Within the framework of the public-private partnership (PPP) model, income guarantees, which impose a significant burden on the public budget, come to the fore frequently. It can be expected that discussions on this issue will intensify as we move toward the election.
PPP is a widely used system in the world. The World Bank’s definition is as follows: “A long-term contract between a private party and a government entity, for providing a public asset or service, in which the private party bears significant risk and management responsibility and remuneration is linked to performance” (World Bank, page 14).
For those who want to learn more about the subject in detail, I recommend the December 2021 TEPAV report written by Çoşkun Cangöz, Uğur Emek, and Nurhan Uygunranoğlu Karaca (You can reach from here).
Nettlesome PPP guarantees
Why is this highly technical issue so hot?
The answer is clear, although it is not the same in every project, there are such guarantees that come to the fore that one cannot help but get nettled. For example, guarantees are given as if 1.000 passengers would come to a place where 100 passengers arrive. A much more detailed analysis of this subject can be found in the column of Uğur Emek, one of the authors of the above-mentioned report.
If a healthy economy program is to be designed and implemented after the 2023 election, the income guarantees given to these projects should be reconsidered. The legal part of the matter is essential; nonetheless, I have nothing to say in this regard. If the burden on the budget from these guarantees can be alleviated in a way that does not cause legal problems, it is possible to create additional room for maneuvering in fiscal policy.
Having fiscal room is vital to combat poverty brought on by high inflation.
Existing projects can be reviewed
First of all, it should be noted that the PPP system is beneficial to the economy if used properly. After all, the state does not have the means to reach everywhere; The PPP system has the potential to remedy this constraint.
The keyword here, of course, is “healthy use”. It is clear from the above discussion that income guarantees are essential for the PPP model because it deeply affects the feasibility of the project.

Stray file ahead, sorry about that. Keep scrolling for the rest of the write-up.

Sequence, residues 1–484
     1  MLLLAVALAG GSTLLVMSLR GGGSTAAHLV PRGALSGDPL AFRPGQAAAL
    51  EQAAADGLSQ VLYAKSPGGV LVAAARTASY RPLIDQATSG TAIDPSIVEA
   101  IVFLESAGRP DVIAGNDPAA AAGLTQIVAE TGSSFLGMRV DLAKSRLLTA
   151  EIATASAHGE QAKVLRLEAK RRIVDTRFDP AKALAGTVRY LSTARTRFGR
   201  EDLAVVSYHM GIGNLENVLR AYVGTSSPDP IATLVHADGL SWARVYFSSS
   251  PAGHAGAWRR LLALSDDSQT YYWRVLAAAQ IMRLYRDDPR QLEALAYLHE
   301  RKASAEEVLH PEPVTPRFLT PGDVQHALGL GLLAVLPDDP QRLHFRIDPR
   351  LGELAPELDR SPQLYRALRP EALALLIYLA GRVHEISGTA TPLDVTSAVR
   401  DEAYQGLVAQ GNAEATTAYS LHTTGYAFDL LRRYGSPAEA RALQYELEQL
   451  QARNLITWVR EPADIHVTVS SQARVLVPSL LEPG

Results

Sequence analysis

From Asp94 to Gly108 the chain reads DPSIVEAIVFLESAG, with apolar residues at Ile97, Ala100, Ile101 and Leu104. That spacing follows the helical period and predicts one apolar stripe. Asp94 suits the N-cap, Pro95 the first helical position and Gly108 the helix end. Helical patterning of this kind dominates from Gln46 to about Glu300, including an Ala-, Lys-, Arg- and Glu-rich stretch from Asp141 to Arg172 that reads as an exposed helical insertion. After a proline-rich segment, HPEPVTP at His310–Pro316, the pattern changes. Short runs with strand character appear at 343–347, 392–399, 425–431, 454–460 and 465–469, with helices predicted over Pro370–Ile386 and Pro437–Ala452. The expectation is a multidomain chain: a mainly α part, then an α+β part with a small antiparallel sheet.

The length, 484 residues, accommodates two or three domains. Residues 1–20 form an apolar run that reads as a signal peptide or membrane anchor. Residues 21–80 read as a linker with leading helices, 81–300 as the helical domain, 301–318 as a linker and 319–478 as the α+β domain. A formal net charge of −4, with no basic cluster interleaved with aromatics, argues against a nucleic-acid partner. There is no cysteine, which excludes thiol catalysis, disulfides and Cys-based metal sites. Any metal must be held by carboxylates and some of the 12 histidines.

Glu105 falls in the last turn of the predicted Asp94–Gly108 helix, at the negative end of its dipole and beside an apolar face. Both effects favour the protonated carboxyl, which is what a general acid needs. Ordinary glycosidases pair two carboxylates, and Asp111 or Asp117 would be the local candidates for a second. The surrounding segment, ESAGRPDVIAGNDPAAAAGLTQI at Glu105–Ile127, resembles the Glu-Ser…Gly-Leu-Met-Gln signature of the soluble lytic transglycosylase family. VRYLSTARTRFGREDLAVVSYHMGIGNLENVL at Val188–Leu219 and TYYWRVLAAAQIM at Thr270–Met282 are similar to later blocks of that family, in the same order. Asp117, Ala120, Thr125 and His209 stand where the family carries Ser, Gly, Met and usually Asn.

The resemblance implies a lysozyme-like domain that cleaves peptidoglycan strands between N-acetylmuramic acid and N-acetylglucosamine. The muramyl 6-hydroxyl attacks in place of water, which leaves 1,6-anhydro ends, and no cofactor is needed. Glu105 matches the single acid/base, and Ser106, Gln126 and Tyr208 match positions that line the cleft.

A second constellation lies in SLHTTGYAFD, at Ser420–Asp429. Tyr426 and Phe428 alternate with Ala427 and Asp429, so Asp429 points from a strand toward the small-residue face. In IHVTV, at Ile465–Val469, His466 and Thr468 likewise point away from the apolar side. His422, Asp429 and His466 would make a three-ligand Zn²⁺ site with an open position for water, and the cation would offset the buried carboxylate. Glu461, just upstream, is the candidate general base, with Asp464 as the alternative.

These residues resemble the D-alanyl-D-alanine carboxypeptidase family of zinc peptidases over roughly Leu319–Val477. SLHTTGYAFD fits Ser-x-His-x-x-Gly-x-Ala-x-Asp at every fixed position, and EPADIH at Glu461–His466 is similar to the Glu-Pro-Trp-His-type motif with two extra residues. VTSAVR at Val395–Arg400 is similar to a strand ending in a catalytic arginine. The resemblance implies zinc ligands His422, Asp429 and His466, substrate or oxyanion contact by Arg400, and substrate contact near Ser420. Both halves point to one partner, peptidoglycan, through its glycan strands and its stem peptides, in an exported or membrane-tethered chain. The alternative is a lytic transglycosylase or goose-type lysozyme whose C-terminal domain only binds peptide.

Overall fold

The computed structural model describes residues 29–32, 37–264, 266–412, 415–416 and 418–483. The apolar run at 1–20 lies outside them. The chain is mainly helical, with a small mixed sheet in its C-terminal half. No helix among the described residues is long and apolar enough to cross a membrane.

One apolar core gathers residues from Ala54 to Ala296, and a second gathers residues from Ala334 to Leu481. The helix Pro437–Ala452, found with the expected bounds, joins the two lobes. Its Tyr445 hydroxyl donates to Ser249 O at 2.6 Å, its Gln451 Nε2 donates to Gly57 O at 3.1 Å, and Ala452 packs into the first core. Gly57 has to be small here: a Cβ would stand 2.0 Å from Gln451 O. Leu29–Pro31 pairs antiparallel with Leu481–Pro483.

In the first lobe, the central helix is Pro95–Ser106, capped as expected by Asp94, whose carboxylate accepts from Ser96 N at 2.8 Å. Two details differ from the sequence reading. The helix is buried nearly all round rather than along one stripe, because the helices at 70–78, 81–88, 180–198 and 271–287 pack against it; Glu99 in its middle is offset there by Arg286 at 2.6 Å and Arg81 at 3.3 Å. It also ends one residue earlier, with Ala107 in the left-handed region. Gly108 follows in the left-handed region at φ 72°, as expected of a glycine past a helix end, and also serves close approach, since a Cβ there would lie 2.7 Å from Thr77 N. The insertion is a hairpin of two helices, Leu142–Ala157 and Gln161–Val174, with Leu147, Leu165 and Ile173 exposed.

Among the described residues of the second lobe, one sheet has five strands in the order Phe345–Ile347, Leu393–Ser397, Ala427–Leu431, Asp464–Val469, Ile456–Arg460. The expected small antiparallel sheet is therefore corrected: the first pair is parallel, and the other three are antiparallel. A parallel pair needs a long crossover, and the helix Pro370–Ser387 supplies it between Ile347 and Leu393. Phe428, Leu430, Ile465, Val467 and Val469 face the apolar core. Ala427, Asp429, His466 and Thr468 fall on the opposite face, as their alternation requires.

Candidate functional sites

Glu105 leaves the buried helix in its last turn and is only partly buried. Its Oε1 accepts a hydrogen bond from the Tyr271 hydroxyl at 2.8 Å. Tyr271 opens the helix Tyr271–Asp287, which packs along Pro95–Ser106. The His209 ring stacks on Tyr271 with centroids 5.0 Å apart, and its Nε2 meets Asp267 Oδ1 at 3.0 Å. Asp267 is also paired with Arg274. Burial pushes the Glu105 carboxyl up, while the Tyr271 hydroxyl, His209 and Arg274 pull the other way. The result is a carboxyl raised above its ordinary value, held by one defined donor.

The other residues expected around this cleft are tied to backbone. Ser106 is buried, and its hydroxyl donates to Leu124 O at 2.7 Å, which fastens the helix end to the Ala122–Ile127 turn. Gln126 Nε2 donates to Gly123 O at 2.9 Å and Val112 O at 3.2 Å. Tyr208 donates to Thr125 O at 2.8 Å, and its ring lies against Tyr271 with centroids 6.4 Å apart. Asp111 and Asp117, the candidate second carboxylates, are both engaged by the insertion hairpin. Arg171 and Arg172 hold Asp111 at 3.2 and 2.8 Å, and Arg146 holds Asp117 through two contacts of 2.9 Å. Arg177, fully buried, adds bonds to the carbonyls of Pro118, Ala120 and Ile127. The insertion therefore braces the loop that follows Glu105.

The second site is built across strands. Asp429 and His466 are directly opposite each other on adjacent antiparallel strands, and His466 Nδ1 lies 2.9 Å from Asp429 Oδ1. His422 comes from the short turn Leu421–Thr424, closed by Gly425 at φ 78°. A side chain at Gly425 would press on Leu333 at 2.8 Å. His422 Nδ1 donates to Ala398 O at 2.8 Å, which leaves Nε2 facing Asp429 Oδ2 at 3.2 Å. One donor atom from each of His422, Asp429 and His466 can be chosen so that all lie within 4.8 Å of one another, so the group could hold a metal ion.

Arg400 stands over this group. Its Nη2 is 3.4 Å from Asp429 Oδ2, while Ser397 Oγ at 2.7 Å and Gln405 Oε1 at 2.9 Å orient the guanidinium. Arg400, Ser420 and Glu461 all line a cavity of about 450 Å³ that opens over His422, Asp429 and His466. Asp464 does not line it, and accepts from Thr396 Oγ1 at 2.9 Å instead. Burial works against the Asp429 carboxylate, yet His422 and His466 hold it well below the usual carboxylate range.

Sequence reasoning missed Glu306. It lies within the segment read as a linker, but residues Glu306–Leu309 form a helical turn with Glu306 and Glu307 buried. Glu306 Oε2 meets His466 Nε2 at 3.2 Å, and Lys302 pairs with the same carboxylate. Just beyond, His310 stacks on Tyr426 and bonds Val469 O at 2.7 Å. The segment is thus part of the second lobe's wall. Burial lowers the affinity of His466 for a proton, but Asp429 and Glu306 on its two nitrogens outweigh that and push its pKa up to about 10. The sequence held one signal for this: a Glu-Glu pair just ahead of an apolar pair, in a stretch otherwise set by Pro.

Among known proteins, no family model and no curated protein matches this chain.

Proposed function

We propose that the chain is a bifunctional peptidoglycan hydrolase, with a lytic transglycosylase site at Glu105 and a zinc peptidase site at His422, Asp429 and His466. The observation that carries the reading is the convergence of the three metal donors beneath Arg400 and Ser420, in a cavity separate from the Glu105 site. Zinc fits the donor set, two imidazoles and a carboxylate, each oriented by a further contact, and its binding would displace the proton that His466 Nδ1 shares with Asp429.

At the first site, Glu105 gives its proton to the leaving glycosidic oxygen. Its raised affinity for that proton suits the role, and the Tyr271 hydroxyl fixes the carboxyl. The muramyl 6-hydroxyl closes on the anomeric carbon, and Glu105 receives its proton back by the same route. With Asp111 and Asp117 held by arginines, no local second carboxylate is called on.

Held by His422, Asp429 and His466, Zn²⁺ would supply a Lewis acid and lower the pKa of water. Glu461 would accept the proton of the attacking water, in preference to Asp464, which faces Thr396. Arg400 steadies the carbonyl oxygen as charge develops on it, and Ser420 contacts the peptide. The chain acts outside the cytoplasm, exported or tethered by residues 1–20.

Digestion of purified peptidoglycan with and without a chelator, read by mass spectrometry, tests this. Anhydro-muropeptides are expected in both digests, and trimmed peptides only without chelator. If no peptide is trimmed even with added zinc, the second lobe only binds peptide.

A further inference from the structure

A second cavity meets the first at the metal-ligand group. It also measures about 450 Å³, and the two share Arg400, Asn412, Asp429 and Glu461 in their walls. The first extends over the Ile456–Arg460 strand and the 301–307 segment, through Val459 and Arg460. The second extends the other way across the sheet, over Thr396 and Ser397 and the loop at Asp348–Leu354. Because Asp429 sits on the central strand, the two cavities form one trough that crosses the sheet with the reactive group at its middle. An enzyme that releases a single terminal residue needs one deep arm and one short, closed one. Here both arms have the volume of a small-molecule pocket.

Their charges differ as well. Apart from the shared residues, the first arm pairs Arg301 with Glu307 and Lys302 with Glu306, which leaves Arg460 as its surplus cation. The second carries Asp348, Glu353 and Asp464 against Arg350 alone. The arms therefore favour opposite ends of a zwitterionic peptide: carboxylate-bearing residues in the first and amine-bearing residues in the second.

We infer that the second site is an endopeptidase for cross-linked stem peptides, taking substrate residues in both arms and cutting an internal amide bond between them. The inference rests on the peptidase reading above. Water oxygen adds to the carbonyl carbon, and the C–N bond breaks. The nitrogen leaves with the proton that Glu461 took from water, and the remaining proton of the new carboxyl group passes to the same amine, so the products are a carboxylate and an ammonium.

Well, is it possible to reconsider the income guarantees of the projects implemented within the framework of the PPP model in the upcoming period? Technically, the answer is “of course”. So what kind of framework can be thought of?
There are several criteria to evaluate any investment from a company’s perspective.
One of the most significant ones is the “internal rate of return”.
Internal rate of return
Let us summarize: Consider the following periods; the period of investment, and the period when the facility is put into operation and “production” is made until the end of its life. There are cash outflows during the investment period and net cash inflows during the active operation period. (Net cash inflows may also be negative in some active operation years.)
Let us say 1 billion liras were spent on investment in the first year, and an after-tax profit of 500 million liras were made in the fifth year.
1 billion liras spent in the first year and 500 million liras of profit in the fifth year are not equivalent: One is in the first year and the other in the fifth year. To express them in the same unit, future cash outflows and inflows are discounted; brought to the present.
The internal rate of return is a rate that equates to the present value of net cash inflows and outflows. For the entrepreneur, it refers to the expected rate of return to be obtained from the project.
In the report that I mentioned at the beginning of the article, it is stated that in the projects developed in Turkey within the framework of the PPP model these calculations are made by the entrepreneur. Besides, for the project to be financed, these reports must be given to the financiers.
From this perspective, it can be assessed whether any of the existing public-private partnership projects operate with an “excessive” rate of return.
The critical variables are:
In how many years was the investment completed and what was the cost for each year?
What is the schedule of interest and principal payments of the financing used for the project?
What are the default values for the annual service/product demand during the operational period? In other words, how many vehicles were guaranteed to pass, or how many passengers were calculated to arrive at the airport, etc.?
What is accepted as the development in prices, for unit sales of the product or service?
How are the operating costs assumed to evolve?
Are there any significant errors in these assumptions other than the acceptable margin of error? If yes, what kind of internal rate of return is obtained when these are corrected?
If the recalculated rate of return is reasonable, then it is possible to sit at the bargaining table.
Of course, other evaluation methods can also be used. The critical thing is that it is possible to re-evaluate the projects and consequently the income guarantees. For some projects this may not be effortless, however, it should be clear that it is a doable job.
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